St. Martin’s Day, also known as the Feast of St. Martin, Martinstag or Martinmas, the Feast of St. Martin of Tours or Martin le Miséricordieux, is a time for feasting celebrations. This is the time when autumn wheat seeding was completed, and the annual slaughter of fattened cattle produced “Martinmas beef”. Historically, hiring fairs were held where farm laborers would seek new posts.
November 11 is the feast day of St. Martin of Tours, who started out as a Roman soldier. He was baptized as an adult and became a monk. It is understood that he was a kind man who led a quiet and simple life. The most famous legend of his life is that he once cut his cloak in half to share with a beggar during a snowstorm, to save the beggar from dying from the cold. That night he dreamed that Jesus was wearing the half-cloak. Martin heard Jesus say to the angels: “Here is Martin, the Roman soldier who is not baptised; he has clothed me.”
St. Martin was known as friend of the children and patron of the poor. This holiday originated in France, then spread to Germany, Scandinavia, and Eastern Europe. It celebrates the end of the agrarian year and the beginning of harvesting. This fast period lasted 40 days, and was therefore, called “Quadragesima Sancti Martini”, Latin for “the forty days of St. Martin.
The goose became a symbol of St. Martin of Tours because of a legend that when trying to avoid being ordained bishop he had hidden in a goose pen, where he was betrayed by the cackling of the geese. St. Martin’s feast day falls in November, when geese are ready for killing. It was an important medieval autumn feast, and the custom of eating goose spread to Sweden from France.
Though no mention of Saint Martin’s connection with viticulture is made by Gregory of Tours or other early hagiographers, he is nonetheless credited with a prominent role in spreading wine-making throughout the Touraine region and facilitating the planting of many vines. The Greek myth that Aristaeus first discovered the concept of pruning the vines after watching a goat eat some of the foliage has been appropriated to Martin. Martin is also credited with introducing the Chenin blanc grape varietal, from which most of the white wine of western Touraine and Anjou is made.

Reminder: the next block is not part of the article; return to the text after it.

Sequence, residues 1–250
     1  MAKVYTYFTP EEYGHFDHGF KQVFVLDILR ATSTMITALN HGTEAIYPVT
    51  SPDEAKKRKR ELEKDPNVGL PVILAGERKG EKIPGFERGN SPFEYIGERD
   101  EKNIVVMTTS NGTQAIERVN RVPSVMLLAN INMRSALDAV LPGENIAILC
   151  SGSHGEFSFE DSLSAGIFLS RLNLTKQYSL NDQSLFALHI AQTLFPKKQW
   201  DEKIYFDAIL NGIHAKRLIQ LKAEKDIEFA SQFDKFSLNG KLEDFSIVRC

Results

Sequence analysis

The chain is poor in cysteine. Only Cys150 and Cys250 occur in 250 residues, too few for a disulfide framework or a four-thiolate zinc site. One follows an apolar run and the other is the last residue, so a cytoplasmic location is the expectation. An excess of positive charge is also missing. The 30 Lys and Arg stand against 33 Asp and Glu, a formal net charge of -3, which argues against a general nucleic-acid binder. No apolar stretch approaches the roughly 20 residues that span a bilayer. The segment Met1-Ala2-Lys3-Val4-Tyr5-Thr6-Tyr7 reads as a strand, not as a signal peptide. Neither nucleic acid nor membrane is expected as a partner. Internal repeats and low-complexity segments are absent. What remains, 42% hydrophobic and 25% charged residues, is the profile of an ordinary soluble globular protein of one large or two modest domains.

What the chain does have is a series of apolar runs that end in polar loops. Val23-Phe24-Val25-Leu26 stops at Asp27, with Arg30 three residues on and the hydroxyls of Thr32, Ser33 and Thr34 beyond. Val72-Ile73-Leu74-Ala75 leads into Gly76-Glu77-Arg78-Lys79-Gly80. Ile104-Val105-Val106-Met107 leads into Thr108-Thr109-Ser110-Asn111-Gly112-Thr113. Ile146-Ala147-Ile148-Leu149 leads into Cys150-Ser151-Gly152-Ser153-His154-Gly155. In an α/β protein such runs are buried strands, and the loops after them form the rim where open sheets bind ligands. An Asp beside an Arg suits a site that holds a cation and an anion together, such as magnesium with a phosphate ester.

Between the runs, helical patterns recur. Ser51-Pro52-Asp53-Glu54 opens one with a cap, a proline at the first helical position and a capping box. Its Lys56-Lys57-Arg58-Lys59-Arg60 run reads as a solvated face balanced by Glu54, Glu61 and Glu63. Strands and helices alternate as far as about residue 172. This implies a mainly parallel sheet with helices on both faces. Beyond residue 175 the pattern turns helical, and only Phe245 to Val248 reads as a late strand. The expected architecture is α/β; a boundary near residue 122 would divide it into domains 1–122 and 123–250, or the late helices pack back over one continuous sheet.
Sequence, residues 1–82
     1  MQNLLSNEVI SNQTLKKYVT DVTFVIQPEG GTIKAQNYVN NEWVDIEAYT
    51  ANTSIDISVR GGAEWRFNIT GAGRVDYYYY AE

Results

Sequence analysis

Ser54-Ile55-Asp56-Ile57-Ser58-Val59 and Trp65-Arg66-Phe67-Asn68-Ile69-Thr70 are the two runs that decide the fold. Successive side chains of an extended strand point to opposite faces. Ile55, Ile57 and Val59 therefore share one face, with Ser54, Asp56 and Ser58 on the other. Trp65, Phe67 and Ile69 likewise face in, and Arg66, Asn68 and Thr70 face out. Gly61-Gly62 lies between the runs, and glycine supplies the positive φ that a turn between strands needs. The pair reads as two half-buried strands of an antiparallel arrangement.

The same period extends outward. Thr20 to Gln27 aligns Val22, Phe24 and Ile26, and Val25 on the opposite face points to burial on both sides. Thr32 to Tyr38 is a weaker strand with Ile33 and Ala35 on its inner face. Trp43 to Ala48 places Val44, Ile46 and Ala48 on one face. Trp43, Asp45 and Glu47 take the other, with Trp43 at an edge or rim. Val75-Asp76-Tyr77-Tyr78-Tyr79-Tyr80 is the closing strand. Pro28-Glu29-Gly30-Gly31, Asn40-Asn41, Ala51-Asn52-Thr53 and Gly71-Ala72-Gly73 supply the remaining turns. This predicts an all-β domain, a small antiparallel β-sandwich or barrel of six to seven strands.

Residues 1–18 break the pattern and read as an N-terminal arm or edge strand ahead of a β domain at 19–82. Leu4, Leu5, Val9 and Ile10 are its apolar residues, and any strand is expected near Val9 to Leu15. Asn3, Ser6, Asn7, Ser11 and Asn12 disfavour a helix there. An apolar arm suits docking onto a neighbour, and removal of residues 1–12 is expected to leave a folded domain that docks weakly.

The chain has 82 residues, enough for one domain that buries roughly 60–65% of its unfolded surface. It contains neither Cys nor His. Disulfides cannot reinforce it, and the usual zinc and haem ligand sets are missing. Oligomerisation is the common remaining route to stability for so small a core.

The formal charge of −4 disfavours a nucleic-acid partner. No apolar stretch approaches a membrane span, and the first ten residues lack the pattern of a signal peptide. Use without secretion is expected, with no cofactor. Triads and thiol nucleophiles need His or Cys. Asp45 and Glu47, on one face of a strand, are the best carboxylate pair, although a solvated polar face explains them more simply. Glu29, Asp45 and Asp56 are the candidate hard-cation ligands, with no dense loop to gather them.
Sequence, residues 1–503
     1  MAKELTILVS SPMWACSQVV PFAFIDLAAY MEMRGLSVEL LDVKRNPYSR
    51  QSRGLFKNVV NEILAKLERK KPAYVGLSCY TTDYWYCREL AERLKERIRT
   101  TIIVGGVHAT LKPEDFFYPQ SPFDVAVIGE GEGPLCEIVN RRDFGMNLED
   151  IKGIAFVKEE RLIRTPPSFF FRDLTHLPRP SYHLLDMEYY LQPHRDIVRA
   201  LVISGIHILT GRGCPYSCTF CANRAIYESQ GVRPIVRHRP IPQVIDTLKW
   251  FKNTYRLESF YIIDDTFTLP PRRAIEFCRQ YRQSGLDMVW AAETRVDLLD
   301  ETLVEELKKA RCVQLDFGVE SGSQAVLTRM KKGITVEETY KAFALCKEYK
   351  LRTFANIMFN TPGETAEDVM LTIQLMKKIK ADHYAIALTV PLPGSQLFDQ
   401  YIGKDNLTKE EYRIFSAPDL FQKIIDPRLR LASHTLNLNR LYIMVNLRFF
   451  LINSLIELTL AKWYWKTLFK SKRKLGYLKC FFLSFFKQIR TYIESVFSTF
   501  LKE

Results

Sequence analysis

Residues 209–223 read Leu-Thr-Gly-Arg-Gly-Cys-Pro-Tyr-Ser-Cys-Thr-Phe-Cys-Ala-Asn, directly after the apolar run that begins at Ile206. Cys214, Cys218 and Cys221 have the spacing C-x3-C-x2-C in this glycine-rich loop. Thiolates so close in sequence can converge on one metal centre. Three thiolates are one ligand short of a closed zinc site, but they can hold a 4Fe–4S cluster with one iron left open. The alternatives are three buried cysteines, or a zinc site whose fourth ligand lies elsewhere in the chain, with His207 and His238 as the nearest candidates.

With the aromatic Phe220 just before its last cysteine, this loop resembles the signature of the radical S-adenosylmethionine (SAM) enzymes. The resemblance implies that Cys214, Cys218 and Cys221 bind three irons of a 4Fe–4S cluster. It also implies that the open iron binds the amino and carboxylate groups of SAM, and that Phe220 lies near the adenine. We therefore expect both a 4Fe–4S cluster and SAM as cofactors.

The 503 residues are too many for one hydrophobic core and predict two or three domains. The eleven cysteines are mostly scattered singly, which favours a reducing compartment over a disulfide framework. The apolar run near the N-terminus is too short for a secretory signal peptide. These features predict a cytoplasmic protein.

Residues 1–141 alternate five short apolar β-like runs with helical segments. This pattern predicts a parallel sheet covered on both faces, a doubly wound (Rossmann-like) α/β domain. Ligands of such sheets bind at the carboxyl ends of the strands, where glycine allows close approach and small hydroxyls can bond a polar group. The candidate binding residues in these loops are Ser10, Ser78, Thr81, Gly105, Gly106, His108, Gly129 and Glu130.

Martinmas actually has two meanings: in the agricultural calendar it marks the beginning of the natural winter, but in the economic calendar it is seen as the end of autumn. The feast coincides not only with the end of the Octave of All Saints, but with harvest-time, the time when newly produced wine is ready for drinking, and the end of winter preparations, including the butchering of animals.
In some countries, Martinmas celebrations begin at the eleventh minute of the eleventh hour of this eleventh day of the eleventh month (that is, at 11:11 am on November 11). In others, the festivities commence on St. Martin’s Eve (that is, on November 10). Bonfires are built and children carry lanterns in the streets after dark, singing songs for which they are rewarded with candy.
Celebrations around the world:
“Martinloben” is celebrated as a harvest festival. Events include art exhibitions, wine tastings, and live music.
Children go through the streets with paper lanterns and candles, and sing songs about St. Martin. Sometimes, a man dressed as St. Martin rides on a horse in front of the procession.
In Slovenia and Croatia, St. Martin’s Day (Martinovanje, Martinje) marks the day when the must traditionally turns to wine. The must is usually considered impure and sinful, until it is baptised and turned into wine. The baptism is performed by someone who dresses up as a bishop and blesses the wine; this is usually done by the host. Another person is chosen as the godfather of the wine. The foods traditionally eaten on the day are goose and home-made or store bought mlinci.